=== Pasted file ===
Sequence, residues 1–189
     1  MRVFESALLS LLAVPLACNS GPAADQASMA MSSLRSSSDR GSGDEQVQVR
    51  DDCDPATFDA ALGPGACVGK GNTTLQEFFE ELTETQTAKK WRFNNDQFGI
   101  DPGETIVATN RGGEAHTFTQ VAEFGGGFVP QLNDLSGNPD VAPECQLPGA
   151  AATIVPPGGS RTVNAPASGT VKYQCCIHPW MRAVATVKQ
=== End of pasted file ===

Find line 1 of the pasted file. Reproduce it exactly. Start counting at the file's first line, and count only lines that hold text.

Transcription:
Sequence, residues 1–189